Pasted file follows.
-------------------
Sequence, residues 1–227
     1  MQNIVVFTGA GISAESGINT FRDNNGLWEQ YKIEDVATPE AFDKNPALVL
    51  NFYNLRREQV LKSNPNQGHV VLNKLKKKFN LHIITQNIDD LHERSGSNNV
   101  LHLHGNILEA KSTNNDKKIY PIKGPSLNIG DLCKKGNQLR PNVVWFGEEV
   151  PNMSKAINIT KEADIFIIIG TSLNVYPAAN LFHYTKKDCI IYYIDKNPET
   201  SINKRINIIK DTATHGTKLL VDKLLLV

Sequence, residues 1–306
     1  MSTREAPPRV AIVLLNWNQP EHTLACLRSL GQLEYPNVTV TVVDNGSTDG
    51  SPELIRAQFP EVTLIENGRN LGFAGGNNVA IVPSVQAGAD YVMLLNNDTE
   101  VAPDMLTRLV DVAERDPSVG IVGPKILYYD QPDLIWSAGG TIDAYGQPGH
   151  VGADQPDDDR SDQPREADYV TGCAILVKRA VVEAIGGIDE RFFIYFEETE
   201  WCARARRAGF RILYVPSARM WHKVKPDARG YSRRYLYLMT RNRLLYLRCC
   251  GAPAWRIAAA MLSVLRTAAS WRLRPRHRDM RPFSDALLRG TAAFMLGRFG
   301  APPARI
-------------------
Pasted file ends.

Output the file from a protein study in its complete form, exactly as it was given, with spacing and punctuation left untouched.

Sequence, residues 1–227
     1  MQNIVVFTGA GISAESGINT FRDNNGLWEQ YKIEDVATPE AFDKNPALVL
    51  NFYNLRREQV LKSNPNQGHV VLNKLKKKFN LHIITQNIDD LHERSGSNNV
   101  LHLHGNILEA KSTNNDKKIY PIKGPSLNIG DLCKKGNQLR PNVVWFGEEV
   151  PNMSKAINIT KEADIFIIIG TSLNVYPAAN LFHYTKKDCI IYYIDKNPET
   201  SINKRINIIK DTATHGTKLL VDKLLLV

Sequence, residues 1–306
     1  MSTREAPPRV AIVLLNWNQP EHTLACLRSL GQLEYPNVTV TVVDNGSTDG
    51  SPELIRAQFP EVTLIENGRN LGFAGGNNVA IVPSVQAGAD YVMLLNNDTE
   101  VAPDMLTRLV DVAERDPSVG IVGPKILYYD QPDLIWSAGG TIDAYGQPGH
   151  VGADQPDDDR SDQPREADYV TGCAILVKRA VVEAIGGIDE RFFIYFEETE
   201  WCARARRAGF RILYVPSARM WHKVKPDARG YSRRYLYLMT RNRLLYLRCC
   251  GAPAWRIAAA MLSVLRTAAS WRLRPRHRDM RPFSDALLRG TAAFMLGRFG
   301  APPARI